Venue: York Theatre Royal
Producer: Verve 2012
The production of Verve was an exceptional exhibition of the talent and diversity of today’s young dancers. Their athleticism, endurance and precision was remarkable, leaving the audience visually impressed. The production consisted of five short choreographed dance pieces, ‘Let go’, ‘Dark in the Afternoon’, ‘For Dear Life’, ‘Dynamo’ and ‘Vertical Road’ with two intervals in between each performance. This was a collaboration of creative and musical directors combining their efforts to produce individual and unique performances run by The Postgraduate performance company of the Northern School of Contemporary Dance.
As far as the audience was aware, there was no interlinking theme or storyline connecting the pieces. This made understanding any underlying meaning in each dance difficult. Entering into the theatre with the intention to fully comprehend the creative ambition behind each dance leaves you wanting, as the production as a whole relied more heavily on provoking lasting tension amongst the audience. Whilst it was remarkable, the production’s commitment to maintaining a high level of intensity throughout, the absence of story in each piece left room for almost too much imagination, leaving the audience bemused, with little emotion to personally relate to. Moreover there was an overwhelming theme of darkness which conjured a very suspenseful atmosphere. The piece ‘Dark in the Afternoon’, although faultless in precision and execution, became almost uncomfortable as the backing soundtrack, although uncomplicated, grew to such overwhelming volume. This presence of highly understated Angst was continuous across all the dances and was never substituted with an emotional relief. A sense of impending doom, was unrelenting and left the audience drained and vaguely unsatisfied with the lack of insight the dances allowed for.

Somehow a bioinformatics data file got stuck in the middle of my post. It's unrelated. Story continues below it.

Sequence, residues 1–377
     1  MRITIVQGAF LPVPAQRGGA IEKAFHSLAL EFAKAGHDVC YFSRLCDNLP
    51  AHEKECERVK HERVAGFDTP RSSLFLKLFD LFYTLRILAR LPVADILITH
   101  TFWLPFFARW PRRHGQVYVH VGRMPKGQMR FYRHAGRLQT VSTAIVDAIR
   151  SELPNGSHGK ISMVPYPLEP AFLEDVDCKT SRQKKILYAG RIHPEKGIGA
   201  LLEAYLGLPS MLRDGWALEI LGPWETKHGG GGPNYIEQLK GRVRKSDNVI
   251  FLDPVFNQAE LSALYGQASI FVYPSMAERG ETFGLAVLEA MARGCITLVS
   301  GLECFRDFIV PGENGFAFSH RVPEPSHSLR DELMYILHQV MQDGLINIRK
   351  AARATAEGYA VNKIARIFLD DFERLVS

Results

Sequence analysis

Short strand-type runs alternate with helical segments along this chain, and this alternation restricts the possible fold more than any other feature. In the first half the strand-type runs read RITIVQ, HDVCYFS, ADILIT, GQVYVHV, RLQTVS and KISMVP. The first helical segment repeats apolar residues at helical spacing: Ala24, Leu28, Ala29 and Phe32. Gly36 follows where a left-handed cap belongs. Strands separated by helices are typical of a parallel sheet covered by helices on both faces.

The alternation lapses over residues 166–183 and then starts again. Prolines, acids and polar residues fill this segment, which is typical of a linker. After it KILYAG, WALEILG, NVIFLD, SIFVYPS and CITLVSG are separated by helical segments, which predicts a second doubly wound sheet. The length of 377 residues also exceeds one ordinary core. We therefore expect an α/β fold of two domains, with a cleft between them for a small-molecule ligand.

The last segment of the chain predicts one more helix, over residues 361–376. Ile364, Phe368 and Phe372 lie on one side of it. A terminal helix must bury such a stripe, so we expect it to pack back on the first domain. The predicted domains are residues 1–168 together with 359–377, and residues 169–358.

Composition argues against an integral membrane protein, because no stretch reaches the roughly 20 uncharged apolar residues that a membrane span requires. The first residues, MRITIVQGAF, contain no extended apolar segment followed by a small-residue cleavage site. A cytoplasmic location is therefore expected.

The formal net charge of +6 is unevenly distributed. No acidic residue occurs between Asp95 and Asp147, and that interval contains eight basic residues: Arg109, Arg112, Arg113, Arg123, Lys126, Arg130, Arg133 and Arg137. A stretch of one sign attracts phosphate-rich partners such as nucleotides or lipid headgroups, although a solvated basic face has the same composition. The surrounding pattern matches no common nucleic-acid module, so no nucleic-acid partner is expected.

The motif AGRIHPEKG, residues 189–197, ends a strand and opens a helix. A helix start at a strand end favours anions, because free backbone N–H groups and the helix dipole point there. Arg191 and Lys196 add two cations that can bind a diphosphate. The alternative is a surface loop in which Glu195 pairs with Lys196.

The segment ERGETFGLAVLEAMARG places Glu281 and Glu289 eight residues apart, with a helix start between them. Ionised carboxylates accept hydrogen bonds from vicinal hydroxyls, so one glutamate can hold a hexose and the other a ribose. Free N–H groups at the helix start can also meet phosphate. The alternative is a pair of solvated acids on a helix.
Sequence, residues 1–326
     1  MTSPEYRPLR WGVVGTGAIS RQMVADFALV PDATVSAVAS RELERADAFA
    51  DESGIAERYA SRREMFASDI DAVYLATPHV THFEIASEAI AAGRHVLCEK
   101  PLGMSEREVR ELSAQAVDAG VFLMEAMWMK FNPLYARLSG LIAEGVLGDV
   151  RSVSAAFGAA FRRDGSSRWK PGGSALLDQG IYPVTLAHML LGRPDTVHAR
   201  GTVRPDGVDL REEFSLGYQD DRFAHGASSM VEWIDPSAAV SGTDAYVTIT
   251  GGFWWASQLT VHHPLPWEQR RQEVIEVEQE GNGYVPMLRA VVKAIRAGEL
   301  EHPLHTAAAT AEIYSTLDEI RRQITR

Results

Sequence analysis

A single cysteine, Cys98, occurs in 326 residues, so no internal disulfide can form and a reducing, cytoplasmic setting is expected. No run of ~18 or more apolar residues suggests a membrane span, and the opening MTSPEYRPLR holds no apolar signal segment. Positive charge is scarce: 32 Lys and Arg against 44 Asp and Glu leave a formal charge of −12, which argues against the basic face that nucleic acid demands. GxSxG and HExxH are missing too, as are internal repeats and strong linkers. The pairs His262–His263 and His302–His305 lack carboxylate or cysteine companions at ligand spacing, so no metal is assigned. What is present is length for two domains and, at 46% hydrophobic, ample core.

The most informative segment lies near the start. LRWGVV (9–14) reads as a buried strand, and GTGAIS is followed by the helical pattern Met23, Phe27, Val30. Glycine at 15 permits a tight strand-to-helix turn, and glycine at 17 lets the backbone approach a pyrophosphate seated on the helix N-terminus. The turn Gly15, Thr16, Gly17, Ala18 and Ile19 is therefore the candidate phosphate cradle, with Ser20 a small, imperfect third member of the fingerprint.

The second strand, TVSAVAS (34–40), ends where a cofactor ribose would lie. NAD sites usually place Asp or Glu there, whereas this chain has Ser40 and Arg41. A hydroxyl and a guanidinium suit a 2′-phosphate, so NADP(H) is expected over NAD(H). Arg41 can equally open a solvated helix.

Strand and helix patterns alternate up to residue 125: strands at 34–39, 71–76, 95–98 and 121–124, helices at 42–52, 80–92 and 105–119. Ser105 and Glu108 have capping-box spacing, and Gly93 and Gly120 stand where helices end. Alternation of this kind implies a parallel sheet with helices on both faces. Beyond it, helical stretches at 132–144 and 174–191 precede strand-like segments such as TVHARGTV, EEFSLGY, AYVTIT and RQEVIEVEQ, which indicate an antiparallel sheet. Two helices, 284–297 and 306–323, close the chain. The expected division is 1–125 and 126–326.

Whilst it is easy to criticise the abstractness of the entire production, one must commend each performance for offering a new dimension in terms of choreography to the overall experience. The company of dancers in ‘Let go’ exhibited a huge amount of musicality against such a bare and neutral set. Any possible distractions were intentionally sidelined to the extent where there were times without any music at all, our focus was entirely on dance as a skill and the interaction between the dancers. This minimalistic approach was endearing and grew our interest in exploring further, the abilities and creativity of the dancers. The second piece ‘Dark in the Afternoon’ introduced more prominently the use of harmonising lighting with climatic moments in the choreography which was exciting to the eye. Whilst possibly coming under criticism of being almost messily frantic, ‘Dynamo’s redeeming feature was the clever construction and then deconstruction of the dance as part of the choreography itself. Additionally, the dancers’ timing and precision in what appeared to be very complex climatic up tempo moments was impressive. The final piece ‘ Vertical Road’ presented the first simple costume addition, the dancers having a covering of chalk on their clothes which when pounded against was used to interesting effects; emphasising the almost worship-like movement.
Overall, one leaves the theatre overwhelmingly impressed by the sheer talent, show of athleticism and visually pleasing choreography across the production. Despite the short comings in fully understanding the intention and meaning of all the pieces, what was created were five gripping pieces of contemporary dance.